Creates a stream consisting of the same value repeated over and over again. The first method creates an infinite stream of the repeated value. The second method only repeats the value a fixed number of times. Calling MakeStream::repeat(x, n) is equivalent to calling MakeStream::repeat(x) | limit(n).

Example:
                auto s = MakeStream::from({ /* ... */ })
    | concat(MakeStream::repeat(0)) // Stream padded with 0's
            
::cycle() Stream generator
Method signatures (template definitions excluded for brevity):
                Stream<T> MakeStream::cycle(Iterator begin, Iterator end);
Stream<T> MakeStream::cycle(Iterator begin, Iterator end, size_t times);
Stream<T> MakeStream::cycle(const Container& cont);
Stream<T> MakeStream::cycle(const Container& cont, size_t times);
Stream<T> MakeStream::cycle(std::initializer_list<T> init);
Stream<T> MakeStream::cycle(std::initializer_list<T> init, size_t times); 
            
Creates a stream of a sequence of elements repeated over and over again. The signatures without a times parameter will loop over a range indefinitely, whereas the ones with the parameter will only loop over the sequence that many times.

Warning! Beware using most of these methods if your Stream is going to be used outside of the current scope. The exception to this is the initializer_list generator, which will capture the list, and therefore is safe to use outside of the current scope. To safely capture a container in a cycle, use the cycle_move() generator method.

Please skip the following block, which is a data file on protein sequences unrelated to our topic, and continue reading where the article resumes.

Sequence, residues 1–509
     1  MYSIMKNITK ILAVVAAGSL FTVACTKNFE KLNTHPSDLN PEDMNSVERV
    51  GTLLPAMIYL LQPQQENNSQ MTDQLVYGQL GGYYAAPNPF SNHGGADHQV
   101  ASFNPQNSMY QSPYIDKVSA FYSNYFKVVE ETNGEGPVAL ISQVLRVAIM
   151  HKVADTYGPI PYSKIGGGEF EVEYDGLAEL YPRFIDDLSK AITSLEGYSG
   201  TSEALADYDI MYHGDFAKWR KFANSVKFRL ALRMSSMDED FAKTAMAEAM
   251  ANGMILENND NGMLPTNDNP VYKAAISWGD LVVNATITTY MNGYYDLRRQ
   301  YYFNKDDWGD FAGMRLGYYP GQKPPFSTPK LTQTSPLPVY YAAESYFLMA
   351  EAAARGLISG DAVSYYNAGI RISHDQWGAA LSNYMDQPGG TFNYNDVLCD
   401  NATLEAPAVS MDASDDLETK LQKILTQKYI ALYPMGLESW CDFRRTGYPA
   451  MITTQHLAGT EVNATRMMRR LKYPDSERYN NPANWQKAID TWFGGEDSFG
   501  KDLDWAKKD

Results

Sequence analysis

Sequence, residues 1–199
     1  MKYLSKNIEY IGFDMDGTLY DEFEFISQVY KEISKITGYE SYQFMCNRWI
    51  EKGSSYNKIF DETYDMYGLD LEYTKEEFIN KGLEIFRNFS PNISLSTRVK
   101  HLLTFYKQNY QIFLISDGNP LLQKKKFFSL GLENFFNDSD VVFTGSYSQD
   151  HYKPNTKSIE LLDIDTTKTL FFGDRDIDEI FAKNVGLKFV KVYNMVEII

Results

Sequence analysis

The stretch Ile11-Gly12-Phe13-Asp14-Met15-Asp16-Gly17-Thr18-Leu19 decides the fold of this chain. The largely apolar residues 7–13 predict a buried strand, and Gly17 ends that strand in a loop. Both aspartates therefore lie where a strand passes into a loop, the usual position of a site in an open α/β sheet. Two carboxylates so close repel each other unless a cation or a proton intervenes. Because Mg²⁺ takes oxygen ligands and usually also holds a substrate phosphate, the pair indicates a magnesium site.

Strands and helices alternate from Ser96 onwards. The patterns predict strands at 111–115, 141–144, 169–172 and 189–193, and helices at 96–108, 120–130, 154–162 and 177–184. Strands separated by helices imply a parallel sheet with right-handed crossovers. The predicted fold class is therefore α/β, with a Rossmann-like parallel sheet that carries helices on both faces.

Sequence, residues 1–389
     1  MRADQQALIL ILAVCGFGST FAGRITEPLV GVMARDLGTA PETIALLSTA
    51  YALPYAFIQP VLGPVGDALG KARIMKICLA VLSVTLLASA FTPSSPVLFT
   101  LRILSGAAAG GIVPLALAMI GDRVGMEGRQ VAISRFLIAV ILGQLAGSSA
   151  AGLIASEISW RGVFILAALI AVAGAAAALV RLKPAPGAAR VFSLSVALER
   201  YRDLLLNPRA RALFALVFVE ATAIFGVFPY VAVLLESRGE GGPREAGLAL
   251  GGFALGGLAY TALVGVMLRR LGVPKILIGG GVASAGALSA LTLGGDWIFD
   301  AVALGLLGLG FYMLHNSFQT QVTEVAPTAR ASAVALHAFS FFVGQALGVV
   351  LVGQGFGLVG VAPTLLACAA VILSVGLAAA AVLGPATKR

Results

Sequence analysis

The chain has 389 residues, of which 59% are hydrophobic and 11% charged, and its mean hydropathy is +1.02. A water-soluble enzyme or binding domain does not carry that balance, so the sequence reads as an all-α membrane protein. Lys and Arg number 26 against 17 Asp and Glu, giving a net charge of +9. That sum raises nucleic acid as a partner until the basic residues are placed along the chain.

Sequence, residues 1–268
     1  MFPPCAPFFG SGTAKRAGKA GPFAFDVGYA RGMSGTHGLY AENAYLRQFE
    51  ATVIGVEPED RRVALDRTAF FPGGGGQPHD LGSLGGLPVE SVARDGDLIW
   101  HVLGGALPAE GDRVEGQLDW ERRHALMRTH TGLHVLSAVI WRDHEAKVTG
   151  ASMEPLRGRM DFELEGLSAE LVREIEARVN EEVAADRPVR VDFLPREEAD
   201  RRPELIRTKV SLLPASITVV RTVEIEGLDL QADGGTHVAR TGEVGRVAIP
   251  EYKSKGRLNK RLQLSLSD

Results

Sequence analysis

Example:
                vector x{1, 3, 8};
MakeStream::cycle(x.begin(), x.end()) // Contains 1, 3, 8, 1, 3, 8, 1, ...
MakeStream::cycle(x, 2) // Contains 1, 3, 8, 1, 3, 8.
            
::cycle_move() Stream generator
Method signatures:
                template<typename Container>
Stream<T> MakeStream::cycle_move(Container&& cont);
template<typename Container>
Stream<T> MakeStream::cycle_move(Container&& cont, size_t times)
            
Creates a stream of a sequence of elements repeated over and over again. The signatures without a times parameter will loop over a range indefinitely, whereas the ones with the parameter will only loop over the sequence that many times.



Example:
                #include "Stream.h"
#include <vector>
#include <iostream>

std::vector<int> make_vector() {
    return {1, 2, 3};
}

Stream<int> make_stream_safe1() {
    return MakeStream::cycle_move(make_vector(), 2);
}

Stream<int> make_stream_safe2() {
    std::vector<int> vec = {4, 5, 6};
    return MakeStream::cycle_move(vec, 2);
}

Stream<int> make_stream_unsafe() {
    std::vector<int> vec = {7, 8, 9};
    return MakeStream::from(vec); // BAD!
}

int main(int argc, char const *argv[]) {
    (make_stream_safe1()  | print_to(std::cout)) << std::endl;
    (make_stream_safe2()  | print_to(std::cout)) << std::endl;
    (make_stream_unsafe() | print_to(std::cout)) << std::endl;
}
            
Produces the following output (on one run on my computer):
                1 2 3 1 2 3
4 5 6 4 5 6
0 -1879048192 0 0 -1879048192 0
            
::generate() Stream generator
Method signature:
                template<typename Generator>
Stream<T> MakeStream::generate(Generator&& generator);
            
Creates a stream whose values the return values of repeated calls to the generate function with no arguments.

Example:
                MakeStream::generate(rand); // Stream of random integers
            
::iterate() Stream generator
Method signature:
                template<typename T, typename Function>
Stream<T> MakeStream::iterate(T&& value, Function&& function);